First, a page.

Newspace is closing?
It isn't quite the end of an era. Other contemporary art galleries of the same vintage are still in business in Los Angeles.
But Joni Gordon's Melrose Avenue showcase has been a major fixture of the local art scene for three decades. Which is to say, since the days when a novice could take over a foundering gallery, buy the key for a few cents, rent the space for $200 a month and develop an exhibition program that mattered to young artists.
"There were such possibilities," she says, sucking in her breath as she recalls the gallery's beginnings. "This was something I had to do. It was so compelling."
For The Record
Los Angeles Times Sunday November 05, 2006 Home Edition Main News Part A Page 2 National Desk 1 inches; 40 words Type of Material: Correction
Newspace gallery: A caption with an article in the Oct. 27 Calendar section about the closing of Newspace failed to name the artist of the sculpture pictured. The geometric sculpture shown from the gallery's final exhibit was by Peter Zecher.
Gordon, who recently celebrated her 70th birthday, isn't retiring. But she will close the gallery Dec. 16 and work privately in the resale market. Until then, there's plenty to see at Newspace. Instead of the usual selection of works by a single artist, the final exhibition, "Good to Go," is a salon-style installation of works by 114 artists surveying the gallery's history. The catalog is a slim booklet with poetic snippets of gallery lore and a complete list of exhibitions from Newspace's inception in 1972 to the present.
Visitors find one of Jeff Price's first bronze sculptures, Mike Kelley's early ink drawings of the past and the future, Astrid Preston's colored-pencil composition of horizontal lines and Martha Alf's paintings that transform toilet paper rolls into stately cylinders. There are also visionary landscapes by Frederick Wight, sketches of the L.A. Museum of Contemporary Art by architect Arata Isozaki and a model of a "Bum Shelter," designed for homeless people by Jon Peterson.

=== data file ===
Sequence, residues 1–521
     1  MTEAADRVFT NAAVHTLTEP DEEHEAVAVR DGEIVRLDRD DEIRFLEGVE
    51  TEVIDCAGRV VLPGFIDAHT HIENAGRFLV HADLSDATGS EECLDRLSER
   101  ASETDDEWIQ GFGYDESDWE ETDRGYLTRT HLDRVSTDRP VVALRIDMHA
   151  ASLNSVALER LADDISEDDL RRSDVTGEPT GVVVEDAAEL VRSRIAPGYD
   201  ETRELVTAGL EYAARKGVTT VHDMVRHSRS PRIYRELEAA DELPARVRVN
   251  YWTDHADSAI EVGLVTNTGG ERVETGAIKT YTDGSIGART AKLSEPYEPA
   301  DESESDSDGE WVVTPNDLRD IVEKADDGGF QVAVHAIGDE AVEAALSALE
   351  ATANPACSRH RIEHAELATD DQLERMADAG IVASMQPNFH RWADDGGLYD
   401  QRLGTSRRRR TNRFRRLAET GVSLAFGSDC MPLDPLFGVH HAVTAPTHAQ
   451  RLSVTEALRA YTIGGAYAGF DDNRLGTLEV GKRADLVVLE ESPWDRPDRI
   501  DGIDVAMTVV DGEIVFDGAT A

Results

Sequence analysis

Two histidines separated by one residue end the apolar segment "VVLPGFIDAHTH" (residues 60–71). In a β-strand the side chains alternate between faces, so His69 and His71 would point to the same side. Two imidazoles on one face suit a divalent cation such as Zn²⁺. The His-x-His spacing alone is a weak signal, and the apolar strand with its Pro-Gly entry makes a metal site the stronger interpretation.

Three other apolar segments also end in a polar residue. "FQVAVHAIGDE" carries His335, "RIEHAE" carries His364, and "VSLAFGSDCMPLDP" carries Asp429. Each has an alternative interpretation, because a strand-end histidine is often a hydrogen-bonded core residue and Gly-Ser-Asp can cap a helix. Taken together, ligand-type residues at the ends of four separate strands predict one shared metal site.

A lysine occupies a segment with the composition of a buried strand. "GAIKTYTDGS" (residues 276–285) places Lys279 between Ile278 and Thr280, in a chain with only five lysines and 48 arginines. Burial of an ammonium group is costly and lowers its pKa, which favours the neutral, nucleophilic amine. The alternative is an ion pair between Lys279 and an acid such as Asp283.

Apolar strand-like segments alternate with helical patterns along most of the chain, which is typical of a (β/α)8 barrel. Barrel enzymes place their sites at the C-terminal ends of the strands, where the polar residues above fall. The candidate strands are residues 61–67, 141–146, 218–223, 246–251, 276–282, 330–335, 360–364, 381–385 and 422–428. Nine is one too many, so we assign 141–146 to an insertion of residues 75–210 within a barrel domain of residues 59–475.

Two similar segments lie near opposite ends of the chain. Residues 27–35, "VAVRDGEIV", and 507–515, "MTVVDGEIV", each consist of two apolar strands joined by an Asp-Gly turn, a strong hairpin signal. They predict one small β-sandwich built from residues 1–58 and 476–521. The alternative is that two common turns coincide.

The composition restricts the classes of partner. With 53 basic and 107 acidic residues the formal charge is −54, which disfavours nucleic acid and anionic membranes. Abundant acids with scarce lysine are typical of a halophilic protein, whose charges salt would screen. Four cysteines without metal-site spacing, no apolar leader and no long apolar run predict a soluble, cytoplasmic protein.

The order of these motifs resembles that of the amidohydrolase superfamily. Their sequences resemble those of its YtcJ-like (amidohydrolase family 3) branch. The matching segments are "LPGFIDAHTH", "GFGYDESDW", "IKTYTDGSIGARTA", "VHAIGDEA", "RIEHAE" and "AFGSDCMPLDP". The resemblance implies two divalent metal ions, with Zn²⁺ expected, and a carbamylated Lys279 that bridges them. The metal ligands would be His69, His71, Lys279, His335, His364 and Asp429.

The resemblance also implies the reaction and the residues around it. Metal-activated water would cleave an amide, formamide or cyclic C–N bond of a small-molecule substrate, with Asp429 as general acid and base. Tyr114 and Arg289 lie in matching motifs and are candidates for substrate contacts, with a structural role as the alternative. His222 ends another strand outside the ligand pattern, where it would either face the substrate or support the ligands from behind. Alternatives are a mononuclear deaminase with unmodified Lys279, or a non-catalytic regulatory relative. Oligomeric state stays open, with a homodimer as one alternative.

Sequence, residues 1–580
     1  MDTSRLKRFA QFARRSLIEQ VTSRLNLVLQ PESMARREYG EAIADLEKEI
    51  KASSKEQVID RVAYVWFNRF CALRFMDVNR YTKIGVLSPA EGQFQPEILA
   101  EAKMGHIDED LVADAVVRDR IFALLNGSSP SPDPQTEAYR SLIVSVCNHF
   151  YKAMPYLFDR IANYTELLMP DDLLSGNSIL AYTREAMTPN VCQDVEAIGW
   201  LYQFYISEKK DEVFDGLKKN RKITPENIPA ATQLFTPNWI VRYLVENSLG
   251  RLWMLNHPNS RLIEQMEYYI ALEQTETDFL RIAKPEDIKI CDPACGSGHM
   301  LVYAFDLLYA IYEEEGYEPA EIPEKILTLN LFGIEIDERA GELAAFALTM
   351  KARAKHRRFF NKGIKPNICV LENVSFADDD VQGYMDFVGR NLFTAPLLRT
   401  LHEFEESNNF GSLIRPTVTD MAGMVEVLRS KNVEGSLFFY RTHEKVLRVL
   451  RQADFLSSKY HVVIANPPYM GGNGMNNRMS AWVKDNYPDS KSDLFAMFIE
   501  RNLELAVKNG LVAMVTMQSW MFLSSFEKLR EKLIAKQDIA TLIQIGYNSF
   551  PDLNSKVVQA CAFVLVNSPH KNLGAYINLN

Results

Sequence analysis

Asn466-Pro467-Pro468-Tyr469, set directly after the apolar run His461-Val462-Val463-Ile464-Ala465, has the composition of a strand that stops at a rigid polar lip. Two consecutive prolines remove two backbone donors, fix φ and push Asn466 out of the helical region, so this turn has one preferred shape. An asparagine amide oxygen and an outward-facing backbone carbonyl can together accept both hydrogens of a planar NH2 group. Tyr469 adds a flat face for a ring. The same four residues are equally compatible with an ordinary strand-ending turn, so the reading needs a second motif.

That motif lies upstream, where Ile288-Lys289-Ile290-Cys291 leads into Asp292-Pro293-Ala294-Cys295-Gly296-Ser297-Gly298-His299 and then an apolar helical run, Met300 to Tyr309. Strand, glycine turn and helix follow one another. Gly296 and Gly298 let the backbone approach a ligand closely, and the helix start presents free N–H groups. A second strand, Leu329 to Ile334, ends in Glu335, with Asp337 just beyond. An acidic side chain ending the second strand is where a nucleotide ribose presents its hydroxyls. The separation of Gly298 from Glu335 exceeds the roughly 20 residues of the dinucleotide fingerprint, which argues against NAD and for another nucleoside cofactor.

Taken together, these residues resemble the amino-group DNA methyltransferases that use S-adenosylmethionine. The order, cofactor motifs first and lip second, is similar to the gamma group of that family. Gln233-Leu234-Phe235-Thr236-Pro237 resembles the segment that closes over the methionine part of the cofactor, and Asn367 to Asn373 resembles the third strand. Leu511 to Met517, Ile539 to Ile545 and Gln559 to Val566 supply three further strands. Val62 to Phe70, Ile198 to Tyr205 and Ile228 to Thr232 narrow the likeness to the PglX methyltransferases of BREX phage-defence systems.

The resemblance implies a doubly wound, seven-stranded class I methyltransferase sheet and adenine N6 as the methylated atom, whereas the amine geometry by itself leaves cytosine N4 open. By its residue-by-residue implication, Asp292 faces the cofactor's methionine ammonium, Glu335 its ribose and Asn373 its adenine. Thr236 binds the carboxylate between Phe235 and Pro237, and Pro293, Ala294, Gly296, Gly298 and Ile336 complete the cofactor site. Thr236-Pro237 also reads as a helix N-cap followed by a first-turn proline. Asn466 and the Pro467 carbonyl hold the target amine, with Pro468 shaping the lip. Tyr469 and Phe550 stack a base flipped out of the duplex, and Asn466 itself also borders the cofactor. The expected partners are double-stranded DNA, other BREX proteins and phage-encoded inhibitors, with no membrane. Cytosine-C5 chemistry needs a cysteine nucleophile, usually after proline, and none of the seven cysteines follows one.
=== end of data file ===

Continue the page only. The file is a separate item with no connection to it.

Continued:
"The exhibition puts the work in a frame," Gordon says. "I didn't want to pick out highlights or stars. I wanted everyone who was ever here accounted for. The work reflects my interests at the time, what I felt was really essential."
For old-timers, the show is a dizzying trip through memory lane. For newcomers, it's a revelation.
Who knew that a gallery mainly known for doing its own thing in an out-of-the-way place provided early exposure for artists such as photographer Judy Fiskin, conceptualist Robert Cumming and painters Preston, John Sonsini, Lisa Adams and Dan McCleary? Or that Newspace showed the work of Betty Parsons, who blossomed as an artist after she gave up the New York gallery where she championed giants of Abstract Expressionism? Or that Susanne Vielmetter, an L.A. dealer with a hot gallery in Culver City, got her start as Newspace's assistant director?
No one who came to town yesterday. But many artists praise Gordon's contributions.
"She has a wonderful eye," Preston says. "She's like an artist, and she loves to support young people and really follow their work. Very few galleries do that."
Adams, who also worked with Gordon at the beginning of her career, credits Gordon with teaching her about the gallery system while giving her freedom to develop naturally. But seeing "Good to Go" heightened her understanding of the veteran dealer and her place in the L.A. art scene.
"Her choices were personal, authentic and unique," Adams says. "She seemed to show artists that were, for the most part, not supported by the party-line art world. When you see a collection of 33 years of iconoclastic artists rather than mainstream artists, it establishes a very different view of those years in Los Angeles. The work in the exhibition tends not to look dated and has really held up in ways that much mainstream work often does not."
Gordon, born in Cleveland, arrived in Los Angeles in 1945 with her mother and stepfather, who died a couple of years later. Early on, she had an affinity for art but no idea that it could be a career path. She recalls her discovery of the art department at UCLA, where she majored in English and anthropology, as an epiphany. She became acquainted with artist instructors and graduate students, including Richard Diebenkorn, Tony Berlant, Charles Garabedian and Vija Celmins, and began working part time in galleries on La Cienega Boulevard.
But it took a couple of decades for Gordon to establish her gallery. While raising two children with her husband, attorney Monte Gordon, she intensified her involvement in contemporary art, by forming a group that visited artists' studios and joining a support group at the Los Angeles County Museum of Art. The Gordons also helped found the Los Angeles Institute of Contemporary Art, a nonprofit space that operated from 1975 to 1988.
One day in 1975 when Joni Gordon was organizing artists' books at LAICA, she made a phone call to borrow some by Chris Burden. The next afternoon, she went to Newspace, a gallery run by artist Jean St. Pierre that had opened in Newport Beach in 1972 and had moved to 5015 Melrose Ave. in 1973. She found the artist at his wit's end, mired in debt. Several hours later, she left with the books and the key to the gallery.